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Get Advice and Tips for Talking to Your Kids About Alcohol

April is Alcohol Awareness month. It is the perfect time for parents to engage with their kids and start a conversation regarding underage drinking.

The numbers have shown that underage drinking is in decline in the U.S., however that does not mean parents shouldn’t talk to their kids about it. In fact the Ipsos Parent eNation Omnibus Survey shows that 93 percent of parents report concern about underage drinking. They need to make sure their kids are well informed and equipped to make the right decision if presented with the opportunity to engage in risky behavior.

The Century Council’s Ask Listen Learn: Kids and Alcohol Don’t Mix program, provides youth ages 9- 14 and their parents with information about the dangers of underage drinking.

The program provides parents with information and practical tips on how to talk to adolescents about alcohol. It also enables kids to say “YES” to a healthy lifestyle and “NO” to underage drinking.

It’s important to start the conversations with kids at an early stage, and talk about underage drinking as often as possible, and not just limit it to “one big conversation”. As a parent, teacher, counselor or caregiver, make sure you are involved!

Order free copies of both the Ask Listen Learn Parents and Kids brochures.

For more information and additional resources, please visit www.asklistenlearn.com.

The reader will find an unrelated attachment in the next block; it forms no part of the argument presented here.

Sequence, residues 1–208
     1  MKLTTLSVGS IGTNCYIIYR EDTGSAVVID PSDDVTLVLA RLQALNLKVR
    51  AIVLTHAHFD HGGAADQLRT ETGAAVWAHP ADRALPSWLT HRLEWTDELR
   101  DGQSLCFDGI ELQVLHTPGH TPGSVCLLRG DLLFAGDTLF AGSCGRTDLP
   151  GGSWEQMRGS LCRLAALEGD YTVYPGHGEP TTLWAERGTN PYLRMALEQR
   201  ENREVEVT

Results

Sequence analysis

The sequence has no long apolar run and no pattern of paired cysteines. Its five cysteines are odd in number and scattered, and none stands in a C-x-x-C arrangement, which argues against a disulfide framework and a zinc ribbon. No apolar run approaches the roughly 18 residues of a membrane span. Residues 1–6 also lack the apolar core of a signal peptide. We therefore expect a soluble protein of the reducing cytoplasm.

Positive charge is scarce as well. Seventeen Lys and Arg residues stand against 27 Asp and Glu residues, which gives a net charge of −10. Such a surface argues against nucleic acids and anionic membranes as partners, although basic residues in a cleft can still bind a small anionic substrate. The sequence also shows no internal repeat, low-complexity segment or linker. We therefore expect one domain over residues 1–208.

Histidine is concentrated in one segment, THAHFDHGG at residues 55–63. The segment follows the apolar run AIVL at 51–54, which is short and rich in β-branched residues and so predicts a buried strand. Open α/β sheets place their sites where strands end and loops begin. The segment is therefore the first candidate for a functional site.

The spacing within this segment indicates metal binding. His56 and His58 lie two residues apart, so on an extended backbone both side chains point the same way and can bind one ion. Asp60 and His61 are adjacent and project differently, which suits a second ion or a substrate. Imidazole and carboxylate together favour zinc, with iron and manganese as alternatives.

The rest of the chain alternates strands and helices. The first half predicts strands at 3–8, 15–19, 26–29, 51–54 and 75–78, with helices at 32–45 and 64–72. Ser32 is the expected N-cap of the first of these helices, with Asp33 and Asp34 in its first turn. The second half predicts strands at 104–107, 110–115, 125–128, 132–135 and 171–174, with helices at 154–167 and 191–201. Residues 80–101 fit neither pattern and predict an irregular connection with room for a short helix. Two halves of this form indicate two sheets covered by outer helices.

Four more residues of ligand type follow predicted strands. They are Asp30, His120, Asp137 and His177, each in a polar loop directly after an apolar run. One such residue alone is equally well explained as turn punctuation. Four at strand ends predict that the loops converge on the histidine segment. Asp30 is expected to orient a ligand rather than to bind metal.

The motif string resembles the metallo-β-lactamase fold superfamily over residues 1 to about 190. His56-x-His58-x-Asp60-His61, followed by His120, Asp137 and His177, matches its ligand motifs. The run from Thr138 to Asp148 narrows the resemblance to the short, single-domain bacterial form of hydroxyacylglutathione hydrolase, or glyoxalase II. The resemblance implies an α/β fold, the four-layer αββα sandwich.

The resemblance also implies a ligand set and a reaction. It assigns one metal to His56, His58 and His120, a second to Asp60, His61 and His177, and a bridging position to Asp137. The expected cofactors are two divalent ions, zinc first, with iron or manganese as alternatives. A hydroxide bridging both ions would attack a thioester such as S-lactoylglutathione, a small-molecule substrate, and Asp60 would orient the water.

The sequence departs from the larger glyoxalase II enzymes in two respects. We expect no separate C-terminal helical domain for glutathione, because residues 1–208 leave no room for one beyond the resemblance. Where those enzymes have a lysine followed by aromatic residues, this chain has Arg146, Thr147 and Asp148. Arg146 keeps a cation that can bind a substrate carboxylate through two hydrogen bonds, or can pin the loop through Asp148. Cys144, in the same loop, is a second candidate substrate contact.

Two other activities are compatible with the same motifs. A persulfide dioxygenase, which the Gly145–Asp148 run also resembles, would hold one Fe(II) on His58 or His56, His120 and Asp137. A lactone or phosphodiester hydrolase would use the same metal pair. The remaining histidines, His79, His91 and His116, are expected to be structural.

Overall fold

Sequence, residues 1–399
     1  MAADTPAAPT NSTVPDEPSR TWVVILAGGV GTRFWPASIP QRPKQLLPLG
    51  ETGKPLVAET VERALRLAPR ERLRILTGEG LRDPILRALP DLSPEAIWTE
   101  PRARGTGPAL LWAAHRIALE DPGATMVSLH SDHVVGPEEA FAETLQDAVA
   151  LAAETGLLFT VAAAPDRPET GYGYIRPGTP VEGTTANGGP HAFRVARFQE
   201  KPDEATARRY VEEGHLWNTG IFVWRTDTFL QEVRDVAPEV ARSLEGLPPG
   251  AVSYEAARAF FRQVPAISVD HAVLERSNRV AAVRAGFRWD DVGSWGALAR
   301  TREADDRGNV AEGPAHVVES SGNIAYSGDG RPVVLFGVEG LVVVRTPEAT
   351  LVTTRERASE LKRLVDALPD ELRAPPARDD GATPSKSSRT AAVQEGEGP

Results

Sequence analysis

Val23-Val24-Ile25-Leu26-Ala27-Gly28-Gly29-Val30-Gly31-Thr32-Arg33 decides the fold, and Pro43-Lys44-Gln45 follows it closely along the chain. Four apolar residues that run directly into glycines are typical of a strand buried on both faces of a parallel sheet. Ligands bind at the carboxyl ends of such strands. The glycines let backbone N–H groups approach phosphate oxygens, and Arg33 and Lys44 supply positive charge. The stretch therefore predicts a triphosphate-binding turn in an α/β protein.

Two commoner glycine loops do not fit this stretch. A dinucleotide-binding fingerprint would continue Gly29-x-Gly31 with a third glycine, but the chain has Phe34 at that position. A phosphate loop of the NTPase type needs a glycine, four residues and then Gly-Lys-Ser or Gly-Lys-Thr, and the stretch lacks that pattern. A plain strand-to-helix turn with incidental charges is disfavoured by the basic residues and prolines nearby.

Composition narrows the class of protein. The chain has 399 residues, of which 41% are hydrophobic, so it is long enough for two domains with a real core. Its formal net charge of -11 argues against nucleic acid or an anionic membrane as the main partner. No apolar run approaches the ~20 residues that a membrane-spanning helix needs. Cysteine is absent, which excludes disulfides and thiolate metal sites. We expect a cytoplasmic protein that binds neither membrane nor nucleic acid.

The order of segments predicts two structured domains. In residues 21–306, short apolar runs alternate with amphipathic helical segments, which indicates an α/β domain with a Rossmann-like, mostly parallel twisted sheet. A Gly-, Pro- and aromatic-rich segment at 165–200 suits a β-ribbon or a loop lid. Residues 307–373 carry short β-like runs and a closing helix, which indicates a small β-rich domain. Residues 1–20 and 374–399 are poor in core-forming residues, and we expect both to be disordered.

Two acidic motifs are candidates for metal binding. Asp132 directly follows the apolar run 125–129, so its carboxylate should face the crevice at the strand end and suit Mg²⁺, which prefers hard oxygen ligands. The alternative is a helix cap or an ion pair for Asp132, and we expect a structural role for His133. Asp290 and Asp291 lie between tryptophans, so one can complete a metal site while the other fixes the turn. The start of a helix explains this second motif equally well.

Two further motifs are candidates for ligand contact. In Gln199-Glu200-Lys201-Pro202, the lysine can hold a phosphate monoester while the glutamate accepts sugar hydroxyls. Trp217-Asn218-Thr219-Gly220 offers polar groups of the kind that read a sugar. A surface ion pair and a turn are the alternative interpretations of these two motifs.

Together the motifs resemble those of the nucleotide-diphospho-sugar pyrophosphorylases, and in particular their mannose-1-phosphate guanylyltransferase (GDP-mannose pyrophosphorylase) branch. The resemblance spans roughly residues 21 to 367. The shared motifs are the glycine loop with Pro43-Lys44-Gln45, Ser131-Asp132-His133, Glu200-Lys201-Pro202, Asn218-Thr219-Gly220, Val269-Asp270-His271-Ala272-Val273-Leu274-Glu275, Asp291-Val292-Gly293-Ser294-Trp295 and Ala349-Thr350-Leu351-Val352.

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How to Talk to Your Kids About Alcohol

April is Alcohol Awareness Month – the perfect time for you to open a dialogue with your children about underage drinking. The Century Council’s Ask Listen Learn: Kids and Alcohol Don’t Mix program provides youth ages 9-14 and their parents with information about the dangers of underage drinking.

Tweens know what’s going on, and they’re more than just a little curious about it. So before they’re presented with the opportunity, it’s critical to give them the information they need to make the right decision. Ask, Listen, Learn: Kids and Alcohol Don’t Mix provides you with information and practical tips on how to talk to adolescents about alcohol.

Help support them by teaching them how to say “Yes” to a healthy lifestyle and “No” to underage drinking. It is important to have these conversations early and often, not just “one big conversation”. Make sure that either as a parent, teacher, or caregiver, you get involved!

Order or download free copies of the Ask, Listen, Learn brochures for parents and kids and find more information and additional resources at www.asklistenlearn.com.